New York – Articles in recent weeks are beginning to get the impact of the new look of Wall Street. Namely, hedge funds, private equity and investment banks are starting to look alike. Investment banks beefing up their private equity funds, and setting up hedge fund hotels seem to be everywhere. This is, of course, the sign of a healthy financial system.
There is, however, one element of these machinations which clearly does not make sense. Commuting into the city this morning, a headline (on a neighbor’s paper) read that the general public was interested in investment in hedge funds. Hedge funds are just not designed for public consumption. By definition hedge funds are involved in risky investment endeavors geared (and leveraged) for only “sophisticated” investors. “Sophisticated”, as we all know, means only those investors that can afford to lose their investments.
Wall Street has been emboldened by the retraction of the requirement for hedge funds to register with the SEC, which has resulted in a large number of hedge funds de-registering. But another trend threatens to ratchet up hedge fund regulation significantly.
On the IPO calendar is Fortress Investment Group – a $26.0 billion hedge fund. There are surely others. If these companies are public, they are available for all investors. We note:
- If a hedge fund is any good, why go public?
- If hedge funds go public, regulators will be all over them, since retail investors will have ready access to their shares
- Subsequent regulation will not only affect the public hedge funds, but also the private ones
By one estimate the number of hedge funds is now about 8,500, perhaps reflecting an approach that is overdone. Given the fees related to AUM (2% AUM), 20% of the profits going to the fund and commissions, hedge funds need to return well over 15% to just cover the cost of investors. A very small proportion of hedge funds can boast returns like this, despite the use of high leverage in their investment ideas.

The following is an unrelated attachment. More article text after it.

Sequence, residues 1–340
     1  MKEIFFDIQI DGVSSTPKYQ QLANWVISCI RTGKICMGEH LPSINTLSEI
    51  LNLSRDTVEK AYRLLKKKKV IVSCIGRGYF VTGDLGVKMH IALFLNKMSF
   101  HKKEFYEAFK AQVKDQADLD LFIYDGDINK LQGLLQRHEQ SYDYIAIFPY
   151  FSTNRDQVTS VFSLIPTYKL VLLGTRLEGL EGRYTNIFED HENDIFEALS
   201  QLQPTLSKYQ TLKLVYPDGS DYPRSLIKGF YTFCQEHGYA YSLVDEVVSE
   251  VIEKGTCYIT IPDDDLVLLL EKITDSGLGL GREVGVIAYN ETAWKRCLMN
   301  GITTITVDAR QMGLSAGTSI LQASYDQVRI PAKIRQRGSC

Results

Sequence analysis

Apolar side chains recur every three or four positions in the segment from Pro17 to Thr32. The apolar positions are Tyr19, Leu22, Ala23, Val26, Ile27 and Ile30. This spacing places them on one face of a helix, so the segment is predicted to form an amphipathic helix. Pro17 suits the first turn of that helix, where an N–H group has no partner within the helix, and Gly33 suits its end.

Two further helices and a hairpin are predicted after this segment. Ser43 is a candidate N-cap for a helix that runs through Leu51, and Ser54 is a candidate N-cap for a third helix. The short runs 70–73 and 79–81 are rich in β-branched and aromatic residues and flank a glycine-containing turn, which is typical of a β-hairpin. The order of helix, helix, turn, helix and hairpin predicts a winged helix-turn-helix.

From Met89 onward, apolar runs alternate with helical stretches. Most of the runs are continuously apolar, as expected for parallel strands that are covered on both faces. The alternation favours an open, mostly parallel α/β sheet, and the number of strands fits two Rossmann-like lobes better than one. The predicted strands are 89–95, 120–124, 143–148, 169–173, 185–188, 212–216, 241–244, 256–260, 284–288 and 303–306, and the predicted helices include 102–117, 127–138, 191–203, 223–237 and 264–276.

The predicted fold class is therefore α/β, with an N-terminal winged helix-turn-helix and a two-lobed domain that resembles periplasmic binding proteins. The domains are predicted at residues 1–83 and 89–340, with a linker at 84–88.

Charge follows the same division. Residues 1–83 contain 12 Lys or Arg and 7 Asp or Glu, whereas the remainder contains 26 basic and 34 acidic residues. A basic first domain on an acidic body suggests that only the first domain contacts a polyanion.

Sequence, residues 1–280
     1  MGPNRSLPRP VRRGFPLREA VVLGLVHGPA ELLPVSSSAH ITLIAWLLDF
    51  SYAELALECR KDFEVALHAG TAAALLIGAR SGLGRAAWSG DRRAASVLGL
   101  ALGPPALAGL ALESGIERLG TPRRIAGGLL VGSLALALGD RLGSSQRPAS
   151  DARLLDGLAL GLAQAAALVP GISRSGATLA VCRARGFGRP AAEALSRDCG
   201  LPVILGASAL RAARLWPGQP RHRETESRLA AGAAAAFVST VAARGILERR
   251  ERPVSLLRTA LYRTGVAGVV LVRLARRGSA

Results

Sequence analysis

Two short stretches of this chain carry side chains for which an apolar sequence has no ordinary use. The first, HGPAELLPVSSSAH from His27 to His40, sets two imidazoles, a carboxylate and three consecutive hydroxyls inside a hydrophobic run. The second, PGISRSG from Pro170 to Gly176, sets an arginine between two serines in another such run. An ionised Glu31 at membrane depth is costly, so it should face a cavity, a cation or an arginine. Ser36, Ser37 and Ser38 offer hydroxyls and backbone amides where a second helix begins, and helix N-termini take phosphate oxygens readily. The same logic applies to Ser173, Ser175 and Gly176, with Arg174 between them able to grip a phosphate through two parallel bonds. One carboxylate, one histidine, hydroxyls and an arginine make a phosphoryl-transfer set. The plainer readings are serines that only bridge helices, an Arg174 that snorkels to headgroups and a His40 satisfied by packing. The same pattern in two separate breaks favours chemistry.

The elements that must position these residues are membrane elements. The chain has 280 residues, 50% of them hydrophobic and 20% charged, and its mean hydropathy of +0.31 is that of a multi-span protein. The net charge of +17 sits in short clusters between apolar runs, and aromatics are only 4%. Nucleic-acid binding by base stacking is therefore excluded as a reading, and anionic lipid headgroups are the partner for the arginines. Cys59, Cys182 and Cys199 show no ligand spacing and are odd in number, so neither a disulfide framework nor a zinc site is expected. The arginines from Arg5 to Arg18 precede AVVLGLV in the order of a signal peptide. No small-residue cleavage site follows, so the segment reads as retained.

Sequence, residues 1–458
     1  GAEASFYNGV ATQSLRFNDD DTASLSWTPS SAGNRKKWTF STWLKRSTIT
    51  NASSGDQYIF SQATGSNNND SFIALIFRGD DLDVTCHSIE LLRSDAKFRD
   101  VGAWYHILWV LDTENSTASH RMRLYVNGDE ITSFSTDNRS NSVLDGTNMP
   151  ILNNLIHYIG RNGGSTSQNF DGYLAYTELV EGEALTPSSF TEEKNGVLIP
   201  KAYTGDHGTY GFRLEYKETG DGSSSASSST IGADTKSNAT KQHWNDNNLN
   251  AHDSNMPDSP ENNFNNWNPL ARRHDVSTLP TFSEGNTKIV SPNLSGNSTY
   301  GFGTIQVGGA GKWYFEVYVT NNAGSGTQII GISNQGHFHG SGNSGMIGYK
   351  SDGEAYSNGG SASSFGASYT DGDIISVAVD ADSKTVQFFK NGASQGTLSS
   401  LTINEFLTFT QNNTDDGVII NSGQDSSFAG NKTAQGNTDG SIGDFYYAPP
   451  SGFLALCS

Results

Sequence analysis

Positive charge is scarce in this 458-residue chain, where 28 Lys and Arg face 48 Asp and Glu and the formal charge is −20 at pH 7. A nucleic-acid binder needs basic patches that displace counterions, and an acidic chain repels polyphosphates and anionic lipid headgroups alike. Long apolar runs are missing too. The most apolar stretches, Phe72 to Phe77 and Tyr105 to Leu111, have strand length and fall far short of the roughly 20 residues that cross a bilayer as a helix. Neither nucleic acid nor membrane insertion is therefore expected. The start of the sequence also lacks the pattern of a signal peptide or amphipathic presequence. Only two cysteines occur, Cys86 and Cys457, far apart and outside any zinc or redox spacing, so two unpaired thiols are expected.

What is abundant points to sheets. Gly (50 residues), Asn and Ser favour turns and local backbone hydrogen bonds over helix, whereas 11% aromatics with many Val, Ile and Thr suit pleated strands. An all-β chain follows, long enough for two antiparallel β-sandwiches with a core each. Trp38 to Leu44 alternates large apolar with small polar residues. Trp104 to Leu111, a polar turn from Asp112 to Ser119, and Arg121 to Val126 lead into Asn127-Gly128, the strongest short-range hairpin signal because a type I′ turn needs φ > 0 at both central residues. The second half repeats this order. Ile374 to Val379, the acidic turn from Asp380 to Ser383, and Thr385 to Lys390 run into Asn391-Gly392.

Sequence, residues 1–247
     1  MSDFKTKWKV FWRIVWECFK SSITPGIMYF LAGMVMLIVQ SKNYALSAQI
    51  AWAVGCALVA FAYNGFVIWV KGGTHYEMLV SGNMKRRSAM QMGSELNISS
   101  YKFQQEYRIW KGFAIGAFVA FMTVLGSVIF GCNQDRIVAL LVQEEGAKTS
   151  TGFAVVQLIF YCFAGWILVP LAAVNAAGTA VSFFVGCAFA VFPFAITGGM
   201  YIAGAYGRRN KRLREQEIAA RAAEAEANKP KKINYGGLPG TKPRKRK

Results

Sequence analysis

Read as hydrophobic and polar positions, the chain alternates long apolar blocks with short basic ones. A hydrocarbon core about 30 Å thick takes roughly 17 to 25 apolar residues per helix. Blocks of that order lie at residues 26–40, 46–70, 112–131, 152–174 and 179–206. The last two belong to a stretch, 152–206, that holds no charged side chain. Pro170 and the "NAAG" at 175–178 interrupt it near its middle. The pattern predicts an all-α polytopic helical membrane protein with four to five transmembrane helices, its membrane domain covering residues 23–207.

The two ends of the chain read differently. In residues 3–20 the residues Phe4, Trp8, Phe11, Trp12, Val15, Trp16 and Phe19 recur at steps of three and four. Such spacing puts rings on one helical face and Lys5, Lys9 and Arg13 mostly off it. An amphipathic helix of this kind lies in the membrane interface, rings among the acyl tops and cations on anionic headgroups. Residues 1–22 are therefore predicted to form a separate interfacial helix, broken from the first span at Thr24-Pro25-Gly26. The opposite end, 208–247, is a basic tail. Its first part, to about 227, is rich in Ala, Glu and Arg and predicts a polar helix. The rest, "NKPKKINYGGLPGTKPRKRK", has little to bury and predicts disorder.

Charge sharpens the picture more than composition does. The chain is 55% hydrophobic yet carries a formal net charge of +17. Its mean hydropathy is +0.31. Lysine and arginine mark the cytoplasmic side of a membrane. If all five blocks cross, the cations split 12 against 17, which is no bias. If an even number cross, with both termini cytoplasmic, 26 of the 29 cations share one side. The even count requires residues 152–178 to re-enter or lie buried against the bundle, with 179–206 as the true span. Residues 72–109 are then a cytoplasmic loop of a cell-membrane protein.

As such, it seems likely that the hedge fund industry is getting a little top heavy and is getting ready for a consolidation within the next several years.
Comment by Rob Tholemeier:
I’m not sure that investing in hedgefunds is the worse thing for slightly above average retail investors. Certainly investors get to see the costs of investing in these vehicles in black and white. And the invesment manager typically has “skin in the game.”
Meanwhile most retail brokers around here (including the big boys) use shock tactics to pitch high-cost variable annuities or costly mutual funds of mutual funds. The cost disclosures are, of course, never part of the presentation, are buried in the fine print, and typically pass stealthly through to the investor.
The question is what’s worse: getting your head taken off with your eyes wide open or just being bleed to death?
Of course what investors need is less regulations that protect the big brokers and more disclosure and education.
But disclosing how brokers make their money is not in the best interest of the brokers or the politicians that get their campaign contributions.
For example, why not force brokers to transmit the daily VWAP on all trades to retail investors so they can see if the trade really cost them $9.95 as advertised.
Comment by Scott:
Case in point, from a recent Chicago Tribune article:
Pensions betting on hedge funds
Illinois teachers’ plan to invest $1 billion
By Greg Burns
Tribune senior correspondent
Published January 26, 2007
Underfunded and mired in a kickback scandal, the state-run pension for Illinois teachers has settled on a new plan to help resolve its fiscal woes: Sink almost a billion dollars into hedge funds.
In coming years, the $39 billion Teachers’ Retirement System will join as many as 40 percent of the nation’s public pensions in these complicated and lightly regulated investment partnerships.
Comment by Scott:
The “general public” is already more heavily invested in hedge funds than they realize — via pension plans. Just ask the fine public servants from San Diego.